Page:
A Potpourri of Vestiges Review
The Prestige Trailer
|The Prestige (2006) - By Christopher Nolan|
Our Rating: 9.5
IMDb Ratings: 8.5
Genre: Drama | Mystery | Thriller
Cast: Christian Bale, Hugh Jackman and Scarlett Johansson
Country: USA | UK
Runtime: 130 min
The Prestige, adapted from an award winning novel of the same name by Christopher Priest, is an intricate tale of passion, intrigue, deceit and obsession about two illusionists, whose morbid obsession for absolute supremacy in their profession engenders a fierce rivalry that turns internecine and ultimately consumes them. The Prestige is the fifth movie directed by British movie-maker, Christopher Nolan. The Prestige served to be a worthy addition to Nolan's decorated oeuvre that already included works like Memento (2000), Insomnia (2002), and Batman Begins (2005) and further went on to add masterful works like The Dark Knight (2008), and Inception (2010). The Prestige revolves around the lives of two highly ambitious Illusionists, Alfred Borden (Christian Bale) and Robert Angier (Hugh Jackman), both of whom at the start of their careers assist an elderly illusionist named Milton. Borden's incessant longing for innovation leads to the accidental death of Angier's wife. Borden marries Sarah and his apparent happiness further aggravates the sense of revulsion in Angier's heart. Angier's vindictive intervention during a bullet catch trick causes Borden to lose his two fingers.
Angier starts performing with the sobriquet "The Great Danton" with Cutter (Michael Caine) as his illusion engineer, while Borden with the stage name "The Professor" with Fellon as his engineer. Angier is an adept showman, but lacks the technical prowess. On the contrary, Borden is highly skillful, but lacks the taste for grandeur and showmanship. Each regards the other as his only obstacle (owing to their bitterly intertwined past), and this starts a series of events in which each tries to stymie the other by any means possible: sabotage, abduction, incrimination and even killings. Awed by the apparent genuineness of Borden's version of "The Transported Man", and inveigled by Borden's deliberate misdirection, Angier travels miles and spends a fortune to approach an ingenious scientist named Nikola Tesla (David Bowie) in order to convince him build a machine for him (a machine that could help him outperform Borden).
Nikola Tesla is an apostle of Alternating Current (and rightly thinks it to be superior to Direct Current), and is hiding from Thomas Edison (ruthless propagator of Direct Current) and his men, who are after him. As Edison's men close in on him, Tesla runs out of time as well as funds for his research and is forced to oblige Angier, who is his very last client. Tesla flees the scene shortly after fulfilling his promise to Angier, whose ever increasing skepticism for Tesla is placated by the marvel of his masterful invention. Using Tesla's machine, Angier introduces his own version of "The Transported Man", which becomes an instant success, but in lieu of a terrible self-sacrifice (that Angier has to make every night while performing).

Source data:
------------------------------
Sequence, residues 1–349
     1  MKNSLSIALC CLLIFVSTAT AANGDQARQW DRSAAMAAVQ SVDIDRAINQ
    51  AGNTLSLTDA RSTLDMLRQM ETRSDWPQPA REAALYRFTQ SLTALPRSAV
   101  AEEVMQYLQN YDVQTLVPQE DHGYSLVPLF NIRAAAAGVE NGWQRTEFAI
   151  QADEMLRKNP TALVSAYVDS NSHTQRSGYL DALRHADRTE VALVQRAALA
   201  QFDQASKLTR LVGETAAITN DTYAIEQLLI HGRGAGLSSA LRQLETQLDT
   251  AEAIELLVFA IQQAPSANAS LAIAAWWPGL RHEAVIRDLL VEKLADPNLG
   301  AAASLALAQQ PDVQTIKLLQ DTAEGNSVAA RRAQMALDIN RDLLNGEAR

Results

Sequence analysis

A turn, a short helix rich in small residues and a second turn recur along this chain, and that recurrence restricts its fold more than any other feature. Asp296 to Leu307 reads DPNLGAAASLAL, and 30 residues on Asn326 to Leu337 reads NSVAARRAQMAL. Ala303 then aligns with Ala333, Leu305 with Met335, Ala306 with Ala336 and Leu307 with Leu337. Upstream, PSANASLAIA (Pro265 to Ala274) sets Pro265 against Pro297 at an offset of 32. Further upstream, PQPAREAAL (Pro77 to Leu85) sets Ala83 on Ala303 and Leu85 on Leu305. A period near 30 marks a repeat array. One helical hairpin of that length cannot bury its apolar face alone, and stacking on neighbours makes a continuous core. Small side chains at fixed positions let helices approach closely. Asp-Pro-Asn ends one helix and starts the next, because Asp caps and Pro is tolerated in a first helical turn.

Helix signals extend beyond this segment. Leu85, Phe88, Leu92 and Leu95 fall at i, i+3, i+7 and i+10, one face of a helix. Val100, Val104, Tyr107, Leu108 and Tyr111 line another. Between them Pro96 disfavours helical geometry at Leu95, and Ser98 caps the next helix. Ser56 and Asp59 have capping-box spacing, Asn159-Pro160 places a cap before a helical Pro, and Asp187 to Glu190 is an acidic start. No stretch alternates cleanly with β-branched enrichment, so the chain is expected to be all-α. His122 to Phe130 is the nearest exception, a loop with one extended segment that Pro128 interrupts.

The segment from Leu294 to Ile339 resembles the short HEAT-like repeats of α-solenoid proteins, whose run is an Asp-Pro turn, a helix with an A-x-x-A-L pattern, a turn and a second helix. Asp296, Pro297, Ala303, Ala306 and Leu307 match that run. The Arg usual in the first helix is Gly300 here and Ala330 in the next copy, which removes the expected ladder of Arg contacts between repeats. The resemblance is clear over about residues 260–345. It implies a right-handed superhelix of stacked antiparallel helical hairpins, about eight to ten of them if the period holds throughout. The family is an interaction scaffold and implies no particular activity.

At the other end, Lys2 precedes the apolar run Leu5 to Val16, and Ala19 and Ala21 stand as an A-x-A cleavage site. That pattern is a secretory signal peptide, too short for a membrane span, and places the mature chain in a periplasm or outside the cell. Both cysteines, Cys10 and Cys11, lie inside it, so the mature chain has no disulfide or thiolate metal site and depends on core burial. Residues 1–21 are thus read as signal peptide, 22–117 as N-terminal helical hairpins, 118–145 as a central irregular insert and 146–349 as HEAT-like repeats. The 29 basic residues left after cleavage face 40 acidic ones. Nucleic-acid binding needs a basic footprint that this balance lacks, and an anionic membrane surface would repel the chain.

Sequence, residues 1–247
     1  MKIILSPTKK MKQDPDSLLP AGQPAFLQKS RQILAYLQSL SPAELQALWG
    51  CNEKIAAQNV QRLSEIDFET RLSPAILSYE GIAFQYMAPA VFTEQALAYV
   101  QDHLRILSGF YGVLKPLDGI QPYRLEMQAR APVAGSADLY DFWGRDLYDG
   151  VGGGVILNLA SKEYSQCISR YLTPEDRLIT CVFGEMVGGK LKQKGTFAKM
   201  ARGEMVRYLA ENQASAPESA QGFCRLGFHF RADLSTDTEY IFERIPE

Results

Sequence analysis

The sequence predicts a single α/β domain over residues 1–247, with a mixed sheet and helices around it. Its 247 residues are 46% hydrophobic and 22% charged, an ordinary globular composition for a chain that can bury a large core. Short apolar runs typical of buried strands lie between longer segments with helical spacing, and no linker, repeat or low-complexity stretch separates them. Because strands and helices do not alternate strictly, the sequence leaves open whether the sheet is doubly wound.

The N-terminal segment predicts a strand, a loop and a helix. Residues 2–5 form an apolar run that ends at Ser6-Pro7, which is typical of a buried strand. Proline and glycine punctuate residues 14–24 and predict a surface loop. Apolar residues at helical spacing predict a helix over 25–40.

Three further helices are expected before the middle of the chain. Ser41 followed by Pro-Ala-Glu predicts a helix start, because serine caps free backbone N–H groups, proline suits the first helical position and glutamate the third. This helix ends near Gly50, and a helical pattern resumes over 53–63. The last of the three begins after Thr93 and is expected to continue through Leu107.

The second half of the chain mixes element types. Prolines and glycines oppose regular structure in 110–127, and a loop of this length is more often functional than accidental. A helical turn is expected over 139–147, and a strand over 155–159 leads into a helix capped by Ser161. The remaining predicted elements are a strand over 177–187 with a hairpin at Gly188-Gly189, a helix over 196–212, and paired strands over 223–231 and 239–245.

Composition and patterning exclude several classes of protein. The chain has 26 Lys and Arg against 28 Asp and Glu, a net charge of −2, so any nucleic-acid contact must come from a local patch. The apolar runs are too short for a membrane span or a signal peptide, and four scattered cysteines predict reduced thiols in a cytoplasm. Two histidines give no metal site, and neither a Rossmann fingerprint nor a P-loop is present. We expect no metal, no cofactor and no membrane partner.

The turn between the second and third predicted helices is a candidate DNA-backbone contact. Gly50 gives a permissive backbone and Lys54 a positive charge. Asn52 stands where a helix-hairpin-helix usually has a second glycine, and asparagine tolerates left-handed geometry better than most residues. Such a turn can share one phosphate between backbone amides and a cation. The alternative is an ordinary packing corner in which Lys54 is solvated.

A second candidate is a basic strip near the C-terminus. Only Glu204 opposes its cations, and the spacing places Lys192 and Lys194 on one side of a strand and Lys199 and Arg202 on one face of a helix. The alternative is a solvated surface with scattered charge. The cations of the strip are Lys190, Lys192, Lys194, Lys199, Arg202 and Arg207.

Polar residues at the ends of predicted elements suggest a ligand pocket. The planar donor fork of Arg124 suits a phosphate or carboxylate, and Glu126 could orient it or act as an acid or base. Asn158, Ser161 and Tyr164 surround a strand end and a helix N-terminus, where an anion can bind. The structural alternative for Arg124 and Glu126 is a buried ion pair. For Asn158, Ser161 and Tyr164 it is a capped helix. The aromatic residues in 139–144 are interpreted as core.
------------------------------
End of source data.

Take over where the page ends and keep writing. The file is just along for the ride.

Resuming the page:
As the story approaches its climax the viewer is startled with many revelations that highlight the constant mental and physical torments that both Angier and Borden undergo owing to their total devotion towards their art. The success of an act of illusion solely depends upon the deftness with which the following three parts are performed: the Pledge, the Turn, and the Prestige. Similarly, for a movie to be a success, the screenplay, direction, and acting are ought to be top-notch. Christopher Nolan incredibly manages to strike all the right cords with The Prestige. His riveting maneuvering aggrandizes the brilliance of The Prestige ten-fold. Nolan succeeds in having a dream assemblage of actors with everyone giving a memorable performance.
Christian Bale and Hugh Jackman are superb in their lead roles. Michael Caine shines in his low-key portrayal of Cutter, an ordinary part made to appear extraordinary through sheer brilliance; vintage Caine. David Bowie as Nikola Tesla and Andy Serkis (Gollum of LOTR) as Alley (Tesla's assistant) are stupendous in their cameos. Scarlet Johansson also manages to give a scintillating portrayal as Borden's paramour, Olivia. The Prestige is a roller-coaster of a ride with intriguingly intertwined subplots and masterful time switching, which makes it one of a kind and an ultimate masterpiece. The uncanny feat of Nolan to manifest a motion picture, which crosses genres foraying into the realms of Mystery, Thrill, Sci-fi and Fantasy is truly exemplary.
The Prestige is a tapestry of twists and turns, which evinces its overwhelming potential to bewitch the masses and satiate even the most esoteric viewers. The questions that it incessantly asks of the viewers can only be answered after repetitive viewings, with each viewing seeking utmost attention of the viewer. The only question that I would ask of the viewer is: "Are you watching closely?" The Prestige is must watch for anyone, who is not averse to giving his mind a rigorous exercise and his body an adrenaline rush.
|Christian Bale and Hugh Jackman in The Prestige|
|David Bowie as Nicola Tesla (centre)|
|Scarlet Johansson as Olivia (left)|
|A Still from The Prestige|
|Borden performing The Transported Man|
Readers, please feel free to share your opinion by leaving your comments. As always your feedback is highly appreciated!
For more information on the title, please click on the following links: